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General interest items edited by Janice Flahiff

Motherhood permanently alters the brain and its response to hormone therapy later in life

Motherhood permanently alters the brain and its response to hormone therapy later in life.

EstrogrenMenopause

From the 25 May 2015 EurkAlert

Hormone therapy (HT) is prescribed to alleviate some of the symptoms of menopause in women. Menopausal women are more likely to be diagnosed with Alzheimer’s disease but not other forms of dementia, and HT has been prescribed to treat cognitive decline in post-menopausal women with variable degrees of effectiveness. New research by Dr. Liisa Galea, at the University of British Columbia, suggests the form of estrogens used in HT and previous motherhood could be critical to explain why HT has variable effects. Research in women, and Dr. Galea’s research in animals, shows that one form of estrogens, called estradiol, which is the predominant form of estrogens in young women, had beneficial effects, while estrone, which is the predominant form of estrogens in older women, did not. Furthermore, the effects of estrone also depended on whether the rats had experienced motherhood: estrone-based HT impaired learning in middle-aged rats that were mothers, while it improved learning in rats that were not. Dr. Galea’s latest results were presented at the 9th Annual Canadian Neuroscience Meeting, on May 25th 2015 in Vancouver British Columbia.

“Our most recent research shows that previous motherhood alters cognition and neuroplasticity in response to hormone therapy, demonstrating that motherhood permanently alters the brain” says Dr. Liisa Galea.

Read the entire news release here

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July 22, 2015 Posted by | Medical and Health Research News | , , , | Leave a comment

Research shows 50 years of motherhood manuals set standards too high for new moms

From the press release of the University of Warwick

New research at the University of Warwick into 50 years of motherhood manuals has revealed how despite their differences they have always issued advice as orders and set unattainably high standards for new mums and babies.

Angela Davis, from the Department of History at the University of Warwick, carried out 160 interviews with women of all ages and from all backgrounds to explore their experiences of motherhood for her new book, Modern Motherhood: Women and Family in England, 1945-2000.

She spoke to women about the advice given by six childcare ‘experts’ who had all published popular books on the best way to raise a baby. Ranging from the 1940s to 2000, the authors were Frederick Truby King, John Bowlby, Donald Winnicott, Benjamin Spock, Penelope Leach and Gina Ford.

Dr Davis found although the advice from these experts changed over the decades, the one thing that didn’t change was the way it was delivered. Whatever the message for mothers, it was given as an order with a threat of dire consequences if mother or child failed to behave as expected.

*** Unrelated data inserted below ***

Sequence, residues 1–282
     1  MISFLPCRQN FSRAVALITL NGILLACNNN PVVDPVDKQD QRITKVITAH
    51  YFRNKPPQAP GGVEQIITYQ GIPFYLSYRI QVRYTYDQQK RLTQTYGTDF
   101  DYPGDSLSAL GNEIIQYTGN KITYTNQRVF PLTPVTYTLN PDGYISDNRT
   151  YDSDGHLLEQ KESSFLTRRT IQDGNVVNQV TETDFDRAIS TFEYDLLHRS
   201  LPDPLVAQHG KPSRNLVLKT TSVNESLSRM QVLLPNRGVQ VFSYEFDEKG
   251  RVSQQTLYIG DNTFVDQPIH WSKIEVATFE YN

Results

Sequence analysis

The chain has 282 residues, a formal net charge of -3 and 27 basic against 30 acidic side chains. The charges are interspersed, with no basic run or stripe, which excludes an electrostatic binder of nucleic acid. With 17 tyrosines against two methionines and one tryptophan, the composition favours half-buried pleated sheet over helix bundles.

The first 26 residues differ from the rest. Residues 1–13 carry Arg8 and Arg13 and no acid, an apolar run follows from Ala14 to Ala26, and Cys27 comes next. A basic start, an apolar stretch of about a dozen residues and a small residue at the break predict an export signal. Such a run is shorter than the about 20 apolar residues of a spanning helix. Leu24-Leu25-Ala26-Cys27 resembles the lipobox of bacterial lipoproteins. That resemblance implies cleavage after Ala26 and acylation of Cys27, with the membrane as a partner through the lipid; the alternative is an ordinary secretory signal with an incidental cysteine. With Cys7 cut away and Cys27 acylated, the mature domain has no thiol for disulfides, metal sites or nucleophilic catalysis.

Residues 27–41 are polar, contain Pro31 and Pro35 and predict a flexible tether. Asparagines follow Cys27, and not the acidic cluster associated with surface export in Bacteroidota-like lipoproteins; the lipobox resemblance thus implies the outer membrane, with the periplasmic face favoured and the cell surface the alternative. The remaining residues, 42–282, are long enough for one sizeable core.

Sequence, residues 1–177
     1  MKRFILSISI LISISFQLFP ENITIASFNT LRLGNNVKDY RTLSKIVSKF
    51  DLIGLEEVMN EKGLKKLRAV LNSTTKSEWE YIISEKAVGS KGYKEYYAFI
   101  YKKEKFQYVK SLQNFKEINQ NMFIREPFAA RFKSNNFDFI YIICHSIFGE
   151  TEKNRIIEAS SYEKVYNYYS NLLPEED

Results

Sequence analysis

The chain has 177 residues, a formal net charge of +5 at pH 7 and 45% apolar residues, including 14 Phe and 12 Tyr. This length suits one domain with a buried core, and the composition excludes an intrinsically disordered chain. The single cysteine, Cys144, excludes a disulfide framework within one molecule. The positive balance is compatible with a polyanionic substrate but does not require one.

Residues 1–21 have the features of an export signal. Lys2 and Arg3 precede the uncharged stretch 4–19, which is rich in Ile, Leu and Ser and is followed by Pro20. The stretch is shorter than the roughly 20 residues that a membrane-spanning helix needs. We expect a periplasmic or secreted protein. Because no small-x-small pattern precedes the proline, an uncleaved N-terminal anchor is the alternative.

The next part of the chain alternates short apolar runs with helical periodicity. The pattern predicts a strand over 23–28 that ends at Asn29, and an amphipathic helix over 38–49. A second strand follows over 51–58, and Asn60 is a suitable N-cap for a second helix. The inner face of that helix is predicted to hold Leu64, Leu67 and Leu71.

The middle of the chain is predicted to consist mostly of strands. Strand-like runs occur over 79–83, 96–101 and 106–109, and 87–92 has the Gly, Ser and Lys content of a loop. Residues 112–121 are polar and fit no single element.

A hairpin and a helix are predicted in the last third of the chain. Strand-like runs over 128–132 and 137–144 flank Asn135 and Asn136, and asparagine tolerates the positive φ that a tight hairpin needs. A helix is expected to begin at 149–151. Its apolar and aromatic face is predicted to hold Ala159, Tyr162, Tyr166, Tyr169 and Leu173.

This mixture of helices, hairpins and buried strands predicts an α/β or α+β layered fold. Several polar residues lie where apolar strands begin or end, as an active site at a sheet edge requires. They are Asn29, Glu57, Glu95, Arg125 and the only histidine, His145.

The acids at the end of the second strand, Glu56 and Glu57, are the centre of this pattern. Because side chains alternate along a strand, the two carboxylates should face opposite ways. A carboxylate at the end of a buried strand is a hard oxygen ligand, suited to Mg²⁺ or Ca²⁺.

Dr Davis said: “Despite all the differences in advice advocated by these childcare ‘bibles’ over the years, it is interesting that they all have striking similarities in terms of how the experts presented their advice. Whatever the message, the advice was given in the form of an order and the authors highlighted extreme consequences if mothers did not follow the methods of childrearing that they advocated.

“Levels of behaviour these childcare manuals set for mothers and babies are often unattainably high, meaning women could be left feeling like failures when these targets were not achieved. Therefore while women could find supportive messages within childcare literature, some also found the advice more troubling.”

During her research Dr Davis often spoke to women who were different generations of the same family. She found when reflecting back upon the changes that they had seen from when they were babies, to when they had their own children, and then watching their children raise their own families, they were still unsure of what had really been the best approach.

Dr Davis said: “I was struck by the cyclical nature of these childcare bibles, we start out with quite strict rules laid down by Frederick Truby King, whose influence is very much evident in the 1940s and following decades. The principal thread running through his books are that babies need strict routines. We then find the advice becomes less authoritarian and regimented as we go through the decades and the influences of Bowlby, Winnicott, Spock and Leach.

“However, when we reach the 1990s when Gina Ford came to prominence, we come back to the strict regimented approach of Frederick Truby King several decades earlier. More than 50 years on and experts still cannot agree on the best way to approach motherhood, and all this conflicting advice just leaves women feeling confused and disillusioned.”

 

March 14, 2012 Posted by | Psychology | , , | Leave a comment

   

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